From: Keith Henson (email@example.com)
Date: Sat 19 Feb 2005 - 23:09:47 GMT
At 07:36 PM 19/02/05 +0100, you wrote:
>Keith Henson wrote:
> >I have no idea of why.
>You mean no idea why the journal disappeared, or no idea why I don't want
>theories to be limited to discrete information units?
> >If you use "information" in the technical sense, then it is discrete
> units measured in bits.
>You might with the same argument publish articles about anything in a
>chemistry journal because anything consists of molecules :-)
An article in a chemistry journal could be about thermodynamics, or pipe
sizes, or safety and not mention molecules, but the article isn't going to
be published if it argues against molecules existing. That would be a
silly argument to make in a chemistry paper. The same is true of talking
about non discrete information units, you will alienate the people who know
information theory--a substantial fraction of the technical community.
You should be able to recast any argument you need to make in a way that
does not violate fundamental definitions. For a lot of purposes you can
ignore the fact that material is made of molecules. If you have a complex
meme, you can to some extent ignore the bit level, but don't try to deny it.
>Journal of memetics is limited to theories of automatic selection of
I don't recall the word "automatic" being used.
>Memetics, like other evolutionary theories, is a theory of things
>happening as controlled by an "invisible hand"
That's an almost mystical way of describing it. At the heart of it,
evolution is simple, random variation and non random selection.
>rather than consciously planned.
While that's true most of the time, particularly in such matters as the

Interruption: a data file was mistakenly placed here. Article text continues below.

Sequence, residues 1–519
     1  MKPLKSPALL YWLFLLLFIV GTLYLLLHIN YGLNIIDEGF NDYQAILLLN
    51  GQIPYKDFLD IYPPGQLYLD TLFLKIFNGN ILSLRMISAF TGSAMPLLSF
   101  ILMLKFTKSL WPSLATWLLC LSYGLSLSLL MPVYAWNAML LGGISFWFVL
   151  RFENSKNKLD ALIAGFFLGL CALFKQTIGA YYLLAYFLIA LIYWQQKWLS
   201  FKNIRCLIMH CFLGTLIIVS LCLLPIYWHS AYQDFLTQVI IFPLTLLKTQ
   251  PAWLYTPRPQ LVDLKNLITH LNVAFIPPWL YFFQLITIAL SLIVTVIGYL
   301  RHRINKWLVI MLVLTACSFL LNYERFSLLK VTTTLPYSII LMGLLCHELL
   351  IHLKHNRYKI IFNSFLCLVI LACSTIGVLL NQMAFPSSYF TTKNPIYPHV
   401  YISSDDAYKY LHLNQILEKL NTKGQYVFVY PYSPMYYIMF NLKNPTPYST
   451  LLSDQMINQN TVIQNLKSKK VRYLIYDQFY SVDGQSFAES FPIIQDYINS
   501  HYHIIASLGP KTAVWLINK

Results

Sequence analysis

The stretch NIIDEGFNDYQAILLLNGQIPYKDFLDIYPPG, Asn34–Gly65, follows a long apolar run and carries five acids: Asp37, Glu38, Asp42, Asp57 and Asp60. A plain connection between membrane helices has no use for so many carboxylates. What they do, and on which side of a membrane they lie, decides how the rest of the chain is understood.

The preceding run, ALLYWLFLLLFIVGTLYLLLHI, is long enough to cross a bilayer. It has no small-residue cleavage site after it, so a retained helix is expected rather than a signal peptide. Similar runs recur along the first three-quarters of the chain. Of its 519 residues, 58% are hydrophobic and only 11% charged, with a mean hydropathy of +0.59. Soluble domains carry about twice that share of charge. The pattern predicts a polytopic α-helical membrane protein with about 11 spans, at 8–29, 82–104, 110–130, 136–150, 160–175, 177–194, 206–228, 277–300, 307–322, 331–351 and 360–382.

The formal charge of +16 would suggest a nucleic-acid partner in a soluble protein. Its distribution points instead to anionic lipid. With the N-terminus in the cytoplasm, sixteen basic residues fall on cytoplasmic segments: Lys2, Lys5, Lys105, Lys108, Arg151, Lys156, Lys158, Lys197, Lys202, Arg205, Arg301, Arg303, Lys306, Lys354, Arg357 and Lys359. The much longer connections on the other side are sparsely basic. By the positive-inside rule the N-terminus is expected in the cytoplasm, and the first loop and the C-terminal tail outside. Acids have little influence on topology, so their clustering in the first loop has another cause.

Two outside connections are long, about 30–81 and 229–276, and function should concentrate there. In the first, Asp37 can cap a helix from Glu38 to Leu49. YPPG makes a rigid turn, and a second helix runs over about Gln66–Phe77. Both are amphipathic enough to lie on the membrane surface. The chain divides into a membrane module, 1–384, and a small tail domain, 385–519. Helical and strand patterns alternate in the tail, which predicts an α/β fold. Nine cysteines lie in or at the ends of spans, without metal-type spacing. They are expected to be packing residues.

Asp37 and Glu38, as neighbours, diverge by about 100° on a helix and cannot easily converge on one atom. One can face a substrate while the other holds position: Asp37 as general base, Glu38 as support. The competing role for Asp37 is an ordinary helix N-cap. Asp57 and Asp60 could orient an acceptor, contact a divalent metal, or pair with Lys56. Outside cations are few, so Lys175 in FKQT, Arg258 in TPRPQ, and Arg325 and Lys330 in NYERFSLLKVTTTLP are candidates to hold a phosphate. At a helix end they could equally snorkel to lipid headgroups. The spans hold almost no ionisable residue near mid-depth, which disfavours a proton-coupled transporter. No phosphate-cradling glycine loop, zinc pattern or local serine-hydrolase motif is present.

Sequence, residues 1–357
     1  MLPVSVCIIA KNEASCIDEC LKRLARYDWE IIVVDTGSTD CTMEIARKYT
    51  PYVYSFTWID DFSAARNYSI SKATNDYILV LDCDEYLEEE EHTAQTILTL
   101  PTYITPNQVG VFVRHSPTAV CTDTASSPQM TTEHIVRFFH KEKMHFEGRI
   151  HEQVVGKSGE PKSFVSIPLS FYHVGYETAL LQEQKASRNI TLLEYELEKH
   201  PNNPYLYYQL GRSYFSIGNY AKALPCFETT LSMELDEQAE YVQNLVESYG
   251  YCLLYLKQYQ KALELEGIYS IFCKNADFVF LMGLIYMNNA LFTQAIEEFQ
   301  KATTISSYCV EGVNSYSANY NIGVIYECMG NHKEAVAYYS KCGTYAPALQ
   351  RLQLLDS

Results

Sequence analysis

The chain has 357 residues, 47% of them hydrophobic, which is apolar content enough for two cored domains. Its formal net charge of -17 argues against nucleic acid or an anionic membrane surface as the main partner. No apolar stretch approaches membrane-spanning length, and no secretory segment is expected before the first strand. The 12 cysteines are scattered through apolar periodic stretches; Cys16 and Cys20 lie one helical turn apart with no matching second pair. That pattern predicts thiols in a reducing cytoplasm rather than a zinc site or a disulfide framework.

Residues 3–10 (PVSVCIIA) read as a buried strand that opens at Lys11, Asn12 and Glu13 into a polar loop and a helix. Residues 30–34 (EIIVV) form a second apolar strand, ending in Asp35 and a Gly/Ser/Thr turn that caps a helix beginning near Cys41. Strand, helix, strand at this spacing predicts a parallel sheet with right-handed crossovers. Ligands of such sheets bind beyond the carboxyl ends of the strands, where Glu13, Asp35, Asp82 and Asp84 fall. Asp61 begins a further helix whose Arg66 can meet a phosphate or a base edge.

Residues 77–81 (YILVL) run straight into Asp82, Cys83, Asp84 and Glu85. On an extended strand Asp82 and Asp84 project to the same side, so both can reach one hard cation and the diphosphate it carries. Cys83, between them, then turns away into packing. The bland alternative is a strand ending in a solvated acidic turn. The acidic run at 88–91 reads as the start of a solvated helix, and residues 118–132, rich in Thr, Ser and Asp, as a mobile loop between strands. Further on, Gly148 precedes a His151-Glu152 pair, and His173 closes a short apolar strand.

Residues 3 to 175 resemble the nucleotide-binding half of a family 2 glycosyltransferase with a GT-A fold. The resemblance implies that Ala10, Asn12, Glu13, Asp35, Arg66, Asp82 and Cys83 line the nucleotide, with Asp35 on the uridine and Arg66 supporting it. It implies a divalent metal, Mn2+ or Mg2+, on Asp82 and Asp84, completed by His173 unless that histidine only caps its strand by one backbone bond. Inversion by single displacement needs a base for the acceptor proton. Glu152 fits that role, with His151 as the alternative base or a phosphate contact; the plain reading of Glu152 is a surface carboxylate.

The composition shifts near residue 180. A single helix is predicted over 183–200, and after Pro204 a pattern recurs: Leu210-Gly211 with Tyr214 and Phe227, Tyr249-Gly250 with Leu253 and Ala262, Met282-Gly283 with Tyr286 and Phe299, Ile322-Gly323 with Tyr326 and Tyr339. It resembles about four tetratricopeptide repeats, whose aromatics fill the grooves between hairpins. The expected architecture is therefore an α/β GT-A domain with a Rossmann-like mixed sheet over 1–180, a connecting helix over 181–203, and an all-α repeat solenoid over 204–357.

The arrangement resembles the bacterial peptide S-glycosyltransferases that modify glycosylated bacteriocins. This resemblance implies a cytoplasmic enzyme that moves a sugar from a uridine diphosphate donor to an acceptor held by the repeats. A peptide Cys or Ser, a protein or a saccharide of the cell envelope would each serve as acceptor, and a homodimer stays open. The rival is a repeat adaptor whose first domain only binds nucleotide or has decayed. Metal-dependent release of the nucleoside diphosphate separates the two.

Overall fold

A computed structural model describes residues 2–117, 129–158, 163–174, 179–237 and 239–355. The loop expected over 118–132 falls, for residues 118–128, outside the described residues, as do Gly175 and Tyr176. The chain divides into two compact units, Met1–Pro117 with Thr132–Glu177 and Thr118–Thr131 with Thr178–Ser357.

build up of xenophobic memes leading to wars, I don't think designer memes
are any more forbidden than designer genes.
>But "invisible hand" effects can be caused by other types of selection
>than selection of information units.
Sure you have this in the right order? Selection is an outcome caused by
something (some invisible hand?).
>Adam Smith invented the term "invisible hand" to describe the free market
>forces of economics. This is selection of quantitative variables (money)
>rather than qualitative items (memes).
>Example: Big companies tend to grow still bigger because their size give
>them a number of competitive advantages known as "economy of scale".
>No social planner decided that Coca Cola or Microsoft should be big
>multinational companies. It just happened because of the market logic.
>This is automatic selection, but not of discrete information units.
You are not expressing this in terms of evolutionary selection or even
market forces. To the extent big companies have economy of scale
advantages over smaller ones, the little companies go out of business or
are bought up by bigger ones. That's a discrete evolution-like process.
>Democratic election is another example. One party may grow and another
>party shrink because of whatever selection criteria voters apply. This is
>selection of a quantitative variable (number of votes), and only
>secondarily a qualitative information unit (political ideology).
For a memetics theory to be useful there needs to be a rational for
"whatever selection criteria voters apply." Why do people's political views change over time? In the case of wars, I think evolutionary psychology provided the key.
I got this far and then took a look at your web page . . . .
It might look like group selection happens, but it is much better described
by selfish genes and Hamilton's inclusive fitness criteria. Are you up on
>I have more examples in my book "cultural selection". My point is that
>memetics is an "invisible hand" theory of social and cultural development.
>There are other similar theories which can explain unplanned developments
>just as well as memetics can. What these theories have in common is
>selection, not information units. This is the reason why I would like to
>see a joural with a broader focus. This would include such scientific
>traditions as cultural selection theory, evolutionary epistemology,
>evolutionary economics and public choice, as well as memetics. A
>cross-fertilization between these sciences would be very fruitful.
>=============================================================== This was
>distributed via the memetics list associated with the Journal of Memetics
>- Evolutionary Models of Information Transmission For information about
>the journal and the list (e.g. unsubscribing) see:
This was distributed via the memetics list associated with the
Journal of Memetics - Evolutionary Models of Information Transmission
For information about the journal and the list (e.g. unsubscribing)
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